Hedge Funds: Elliott’s Offensive on Evergy Unnerves Chamber of Commerce
The Greater Topeka Chamber of Commerce is worried about layoffs.
Curtis Sneden, president of the Greater Topeka Chamber of Commerce is concerned about repercussions from activist hedge fund Elliott Management’s broadside against regional utility Evergy, Inc. (NYSE: EVRG). (Hays Post)
Sneden has reason to be nervous. Hedge fund and private equity investors have bruised and battered the Topeka head-quartered Payless Shoes. It emerged last month from its second bankruptcy. About 16,000 people were put out of work when it entered Chapter 11 in early 2019.
“When you’re on the ground and it’s your friends and neighbors and your community and economy, that is not a very reassuring type of narrative,” Sneden said. “When this sort of challenge comes along, for Topekans it gives us quite a concern.”
Feared activist hedge fund Elliott wrote to Evergy on January 21 requesting changes that would create value for shareholders. New York-based Elliott is owned by billionaire Paul Singer.
It owned an “economic interest” in Evergy worth $760 million as of the date of the letter.
Evergy: Elliott’s case for wind energy (and against coal)
“We believe Evergy’s valuation does not properly reflect the value of its collection of high-quality regulated utilities in Kansas and Missouri, and that a renewed focus on improving core utility operations and investing in Evergy’s critical electric infrastructure can rectify its prolonged underperformance, discounted valuation and associated increased cost of capital,” wrote Elliott.
Elliott charged that Evergy had inadequate decarbonization targets in respect of its coal plants. The company intends to operate its coal plants till the end of their lives, estimated at years 2040-2050. Elliott termed this plan as “uninspired and economically inefficient.”
“Evergy lags behind leading peers that have pledged to reduce carbon emissions by 70-80% by 2030 and achieve net-zero emissions by 2050,” the hedge fund wrote.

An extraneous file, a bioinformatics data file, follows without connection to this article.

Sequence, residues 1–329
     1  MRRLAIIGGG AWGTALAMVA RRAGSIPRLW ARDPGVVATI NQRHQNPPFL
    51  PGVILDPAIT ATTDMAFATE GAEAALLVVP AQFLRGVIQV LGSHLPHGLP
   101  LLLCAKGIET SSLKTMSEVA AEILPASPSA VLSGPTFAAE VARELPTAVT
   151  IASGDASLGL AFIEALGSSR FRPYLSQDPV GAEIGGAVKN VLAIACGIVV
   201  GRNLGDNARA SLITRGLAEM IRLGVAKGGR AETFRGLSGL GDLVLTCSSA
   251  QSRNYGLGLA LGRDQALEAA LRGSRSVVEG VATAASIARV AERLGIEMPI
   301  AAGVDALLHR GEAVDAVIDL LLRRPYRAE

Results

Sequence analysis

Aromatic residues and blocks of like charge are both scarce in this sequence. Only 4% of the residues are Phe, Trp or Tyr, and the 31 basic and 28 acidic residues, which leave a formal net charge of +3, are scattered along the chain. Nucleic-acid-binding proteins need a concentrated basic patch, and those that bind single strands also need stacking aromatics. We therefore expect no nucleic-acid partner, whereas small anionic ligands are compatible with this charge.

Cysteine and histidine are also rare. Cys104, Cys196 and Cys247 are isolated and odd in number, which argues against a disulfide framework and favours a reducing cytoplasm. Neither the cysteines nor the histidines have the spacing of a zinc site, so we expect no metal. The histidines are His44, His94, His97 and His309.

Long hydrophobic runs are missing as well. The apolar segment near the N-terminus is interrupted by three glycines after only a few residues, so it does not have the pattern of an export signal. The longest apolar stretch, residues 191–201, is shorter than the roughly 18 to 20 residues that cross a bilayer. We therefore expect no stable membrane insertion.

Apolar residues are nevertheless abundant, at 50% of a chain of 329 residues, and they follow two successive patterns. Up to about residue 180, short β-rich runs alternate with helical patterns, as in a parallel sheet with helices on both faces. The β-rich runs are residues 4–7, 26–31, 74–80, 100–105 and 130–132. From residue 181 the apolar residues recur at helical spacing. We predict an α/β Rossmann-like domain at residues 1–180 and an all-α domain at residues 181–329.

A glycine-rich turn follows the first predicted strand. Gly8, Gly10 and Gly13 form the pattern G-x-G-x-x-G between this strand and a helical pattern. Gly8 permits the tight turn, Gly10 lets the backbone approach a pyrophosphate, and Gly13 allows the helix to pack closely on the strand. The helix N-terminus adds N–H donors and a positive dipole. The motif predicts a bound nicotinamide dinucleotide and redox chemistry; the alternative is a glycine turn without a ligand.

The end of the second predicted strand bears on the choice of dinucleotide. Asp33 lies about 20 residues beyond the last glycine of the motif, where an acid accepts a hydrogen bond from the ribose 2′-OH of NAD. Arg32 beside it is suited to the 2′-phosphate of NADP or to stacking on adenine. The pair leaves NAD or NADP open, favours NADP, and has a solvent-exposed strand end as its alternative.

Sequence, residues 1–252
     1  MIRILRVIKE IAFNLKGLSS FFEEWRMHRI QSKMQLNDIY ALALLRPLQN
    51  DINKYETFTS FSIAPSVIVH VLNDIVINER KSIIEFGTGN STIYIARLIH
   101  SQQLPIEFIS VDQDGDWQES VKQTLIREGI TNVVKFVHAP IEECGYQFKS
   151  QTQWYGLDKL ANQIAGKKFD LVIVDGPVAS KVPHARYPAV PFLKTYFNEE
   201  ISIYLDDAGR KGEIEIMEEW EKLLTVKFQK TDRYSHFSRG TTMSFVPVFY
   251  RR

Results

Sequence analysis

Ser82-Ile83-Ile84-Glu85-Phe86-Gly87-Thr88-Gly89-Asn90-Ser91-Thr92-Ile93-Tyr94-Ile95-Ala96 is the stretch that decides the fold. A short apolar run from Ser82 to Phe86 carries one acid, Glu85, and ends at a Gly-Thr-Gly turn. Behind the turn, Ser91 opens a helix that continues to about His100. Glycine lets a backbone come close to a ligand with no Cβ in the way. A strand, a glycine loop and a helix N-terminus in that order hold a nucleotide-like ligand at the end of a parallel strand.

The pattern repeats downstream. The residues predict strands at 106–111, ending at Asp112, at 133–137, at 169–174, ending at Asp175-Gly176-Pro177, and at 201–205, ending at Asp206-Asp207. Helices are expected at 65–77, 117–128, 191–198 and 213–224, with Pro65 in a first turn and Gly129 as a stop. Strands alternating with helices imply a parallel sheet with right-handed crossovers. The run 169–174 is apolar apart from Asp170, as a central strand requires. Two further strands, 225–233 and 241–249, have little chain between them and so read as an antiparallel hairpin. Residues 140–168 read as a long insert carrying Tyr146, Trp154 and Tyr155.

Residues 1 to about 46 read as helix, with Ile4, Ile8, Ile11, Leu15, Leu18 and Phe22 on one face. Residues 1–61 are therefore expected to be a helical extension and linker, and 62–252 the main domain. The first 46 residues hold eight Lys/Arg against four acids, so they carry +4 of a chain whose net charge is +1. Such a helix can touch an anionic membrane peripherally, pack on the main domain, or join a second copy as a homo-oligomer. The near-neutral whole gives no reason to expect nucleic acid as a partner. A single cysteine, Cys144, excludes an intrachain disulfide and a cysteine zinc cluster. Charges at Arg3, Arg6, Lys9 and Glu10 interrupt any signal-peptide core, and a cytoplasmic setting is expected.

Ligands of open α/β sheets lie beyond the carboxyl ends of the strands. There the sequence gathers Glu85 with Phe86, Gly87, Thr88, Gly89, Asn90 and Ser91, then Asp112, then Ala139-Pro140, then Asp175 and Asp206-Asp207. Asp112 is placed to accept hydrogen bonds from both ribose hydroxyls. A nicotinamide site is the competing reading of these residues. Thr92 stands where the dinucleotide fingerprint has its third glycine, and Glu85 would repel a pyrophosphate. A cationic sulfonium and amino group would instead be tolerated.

The fund also said that the strength of the wind resource in Evergy’s service territory could facilitate renewables growth. It could also help transition its coal fleet to renewable energy.
“Illustratively, replacing 5.0 TWh (~20%) of Evergy’s highest cost, most inefficient coal generation with wind resources should yield more than $200 million of savings,” said Elliott. “This transition can also create opportunities for incremental rate base investment into flexible, low-cost storage or capacity to enhance system reliability.”
The social effect of shutting coal mines
Though the environmental benefits of phasing out coal are undeniable, the social and economic implications should be considered.
These include the collapse of local businesses and public services, the emigration of young people and social inequalities.
“It has been difficult to talk about the decline of coal in Wyoming,” said Robert Godby, director of the University of Wyoming’s Center for Energy Economics & Public Policy to the WSJ. “But…reality has come crashing through the door.”
Nearly 600 workers lost their jobs in Gillette after two of the area’s coal mines shut down abruptly.
Evergy: The power of being Elliott
Within 10 days of Elliott’s letter, Evergy announced a plan to reduce carbon emissions 80 percent below 2005 levels by 2050. It also will add 660 megawatts of wind energy to its portfolio via four new projects.
However, Evergy reiterated its plan to retire all coal power plants in its fleet at the end of their useful life. That is likely to be between the years 2040-2050, with the exception of Iatan 2 in Missouri.
That should allow Sneden to breathe easier.
Evergy also said the four new wind projects combined would bring $180 million economic benefits to the region. In addition, they would generate hundreds of construction jobs and dozens of permanent green energy jobs.
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